Jack Dunn: it would not have been able to send up till the Saturn V rocket was invented. But all that would be

of no use because the technology to get Hubble's information to earth didn't come along until 20 years later.

Colette deFrey: What are you working on now with the info from the Hubble?

Jack Dunn: I'm not working on anything except getting the information to the public. i'm not an astronomy


Colette deFrey: OK, let's go with Katie's group

tina rickett: Why does the HST need to be brought back down to Earth?

Jack Dunn: Eventually everything in orbit will fall to Earth unless a rocket boosts the orbit. All orbits "decay"

which means

Jack Dunn: friction will eventually slow them and they burn up in the atmosphere

Colette deFrey: Let's go with Daren's group at Hillside next

Jack Dunn: Be sure and visit the links I have put on the special webpage for you. I put in links to a student

who worked here

Colette deFrey: Yes, everyone will be getting a copy of the chat with the URL's so you can visit them later!

Jack Dunn: 20 years ago and now designed the optics of two major observatories - the Gemini Telescope


Cindy Mangers: We were able to get the images now and they are wonderful. Thank you.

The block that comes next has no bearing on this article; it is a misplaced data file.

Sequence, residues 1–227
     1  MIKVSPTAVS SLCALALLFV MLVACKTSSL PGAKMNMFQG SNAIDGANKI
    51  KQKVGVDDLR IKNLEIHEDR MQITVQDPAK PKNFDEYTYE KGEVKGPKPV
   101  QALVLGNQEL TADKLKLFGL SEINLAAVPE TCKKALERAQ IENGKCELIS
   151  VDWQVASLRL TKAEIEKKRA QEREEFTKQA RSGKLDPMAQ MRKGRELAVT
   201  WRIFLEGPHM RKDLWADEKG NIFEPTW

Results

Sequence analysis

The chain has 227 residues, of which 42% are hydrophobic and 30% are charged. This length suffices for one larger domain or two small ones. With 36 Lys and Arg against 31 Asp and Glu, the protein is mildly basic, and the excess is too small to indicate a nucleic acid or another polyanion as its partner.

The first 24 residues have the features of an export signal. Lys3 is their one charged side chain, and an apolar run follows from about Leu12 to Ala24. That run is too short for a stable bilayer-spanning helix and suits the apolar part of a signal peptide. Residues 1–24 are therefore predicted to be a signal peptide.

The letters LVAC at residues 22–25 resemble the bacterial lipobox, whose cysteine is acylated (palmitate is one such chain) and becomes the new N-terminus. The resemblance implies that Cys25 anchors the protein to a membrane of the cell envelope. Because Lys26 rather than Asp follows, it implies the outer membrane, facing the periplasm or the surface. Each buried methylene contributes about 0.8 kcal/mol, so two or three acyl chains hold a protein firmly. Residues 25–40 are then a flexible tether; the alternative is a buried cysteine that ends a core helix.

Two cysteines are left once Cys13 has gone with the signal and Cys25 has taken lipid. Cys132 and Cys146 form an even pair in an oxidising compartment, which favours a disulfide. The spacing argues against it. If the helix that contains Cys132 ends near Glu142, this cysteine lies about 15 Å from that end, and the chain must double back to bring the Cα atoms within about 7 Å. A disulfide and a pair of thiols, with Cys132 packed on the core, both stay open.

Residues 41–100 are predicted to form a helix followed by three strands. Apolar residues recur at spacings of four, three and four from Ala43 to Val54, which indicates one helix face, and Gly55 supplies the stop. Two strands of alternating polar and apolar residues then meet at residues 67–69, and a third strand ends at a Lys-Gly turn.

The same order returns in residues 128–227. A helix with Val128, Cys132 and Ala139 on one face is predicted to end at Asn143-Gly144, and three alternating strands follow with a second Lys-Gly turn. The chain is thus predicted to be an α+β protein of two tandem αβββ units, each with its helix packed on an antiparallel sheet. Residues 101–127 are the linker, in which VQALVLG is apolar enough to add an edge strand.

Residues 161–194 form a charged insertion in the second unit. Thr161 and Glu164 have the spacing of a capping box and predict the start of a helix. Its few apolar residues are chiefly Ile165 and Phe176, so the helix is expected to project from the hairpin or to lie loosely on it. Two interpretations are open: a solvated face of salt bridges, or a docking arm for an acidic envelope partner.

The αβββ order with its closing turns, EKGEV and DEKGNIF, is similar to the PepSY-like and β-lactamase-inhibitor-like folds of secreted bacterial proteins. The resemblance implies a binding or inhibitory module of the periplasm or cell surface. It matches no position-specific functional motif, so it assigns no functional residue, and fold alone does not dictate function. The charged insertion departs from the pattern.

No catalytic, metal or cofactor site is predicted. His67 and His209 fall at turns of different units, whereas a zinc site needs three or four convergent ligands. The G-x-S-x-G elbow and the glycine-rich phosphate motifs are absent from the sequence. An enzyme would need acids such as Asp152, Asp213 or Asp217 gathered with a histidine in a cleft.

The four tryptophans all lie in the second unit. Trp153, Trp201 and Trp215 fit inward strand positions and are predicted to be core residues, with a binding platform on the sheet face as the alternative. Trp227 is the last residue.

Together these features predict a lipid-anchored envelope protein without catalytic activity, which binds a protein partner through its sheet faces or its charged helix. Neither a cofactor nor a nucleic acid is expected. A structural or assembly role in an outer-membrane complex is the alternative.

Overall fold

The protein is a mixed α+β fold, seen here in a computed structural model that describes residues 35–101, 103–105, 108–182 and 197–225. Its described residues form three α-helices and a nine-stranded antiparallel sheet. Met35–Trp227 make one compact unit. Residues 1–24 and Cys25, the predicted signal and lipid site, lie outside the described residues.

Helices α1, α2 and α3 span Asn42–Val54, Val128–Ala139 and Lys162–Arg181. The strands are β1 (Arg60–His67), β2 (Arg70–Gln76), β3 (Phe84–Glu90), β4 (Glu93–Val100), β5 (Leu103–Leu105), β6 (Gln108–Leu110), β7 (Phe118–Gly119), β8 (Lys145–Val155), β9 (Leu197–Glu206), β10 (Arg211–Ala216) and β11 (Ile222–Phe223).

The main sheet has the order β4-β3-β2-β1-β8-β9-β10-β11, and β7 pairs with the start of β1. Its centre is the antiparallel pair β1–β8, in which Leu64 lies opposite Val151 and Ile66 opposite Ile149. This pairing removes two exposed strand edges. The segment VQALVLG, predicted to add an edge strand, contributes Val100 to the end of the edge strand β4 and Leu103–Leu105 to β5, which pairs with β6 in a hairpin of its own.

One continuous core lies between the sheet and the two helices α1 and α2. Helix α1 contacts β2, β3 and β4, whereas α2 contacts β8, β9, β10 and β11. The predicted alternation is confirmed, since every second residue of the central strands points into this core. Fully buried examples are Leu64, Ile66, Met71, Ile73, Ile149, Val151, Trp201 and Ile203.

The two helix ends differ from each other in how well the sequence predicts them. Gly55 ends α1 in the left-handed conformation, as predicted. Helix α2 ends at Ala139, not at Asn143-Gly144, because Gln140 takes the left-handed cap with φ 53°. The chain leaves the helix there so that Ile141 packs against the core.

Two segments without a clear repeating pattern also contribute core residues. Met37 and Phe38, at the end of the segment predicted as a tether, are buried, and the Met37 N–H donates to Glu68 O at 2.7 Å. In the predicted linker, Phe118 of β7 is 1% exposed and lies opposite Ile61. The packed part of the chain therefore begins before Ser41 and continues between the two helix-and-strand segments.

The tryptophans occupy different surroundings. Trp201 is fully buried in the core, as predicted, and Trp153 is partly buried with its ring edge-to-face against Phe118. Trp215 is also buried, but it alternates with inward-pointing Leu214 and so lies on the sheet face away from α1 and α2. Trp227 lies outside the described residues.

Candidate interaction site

Colette deFrey: OK, let's go with Deb Harkless' s kids in Lexington

Deb Harkless: If you had the chance to be famous for visiting Pluto or for inventing the Hubble, which would

you choose, and why? (Kursten, Irma, Kayla--Lexington)

Jack Dunn: I wouldn't want to go to Pluto and no one person invented the Hubble.

Jack Dunn: But going to Mars would be great

Colette deFrey: Thank you, Dr. Jack Dunn , for chatting with us today!

Tammy Carson: Alia Conley:Who were the people that fixed the Hubble? What were their names?

Colette deFrey: We've got to bring this chat to an end now

Colette deFrey: Thanks you for spending time with us!

Betsy Campbell: Goodbye, and thanks!

Colette deFrey: And for including the great URL's!

Tammy Carson: thankyou dr,dunn!

Rosy Conrad: Hi, It's me again! Sam. Here is my question. As the Big Bang could be similar to a conventional

blast, and therefore the universe formed around it, how is it possible to say there is no center of the


Dale Mette: BYE !

Pam Buchholz: Swanson appreciates all efforts to make this possible!

Tammy Carson: see ya!

Donna Wroten: seeya

Colette deFrey: So long, Jack!

Colette deFrey: Remember, to sign out, go to FILE and down to QUIT!

Deb Harkless: bye


Dale Mette: I greatly appriciated you visting us!

Tammy Carson: Have a nice day!

Colette deFrey: Thanks, teachers and students!

Jack Dunn: check out our site at www.neb-star.org and also go to the planetarium web site and join us for

Astronomy Day 2001 with Nagin Cox of JPL as a speaker

Tom Albertsen: thanks to all of you for your participation. It is always great to see technology being put to

good use!

Tammy Carson: byebye

Jack Dunn: Clear Skies - bye

Donna Wroten: good bye

Dale Mette: bye on more time

Deb Harkless2: Thanks for sharing your expertise!


Deb Harkless: good bye

Return to the Chat Home Page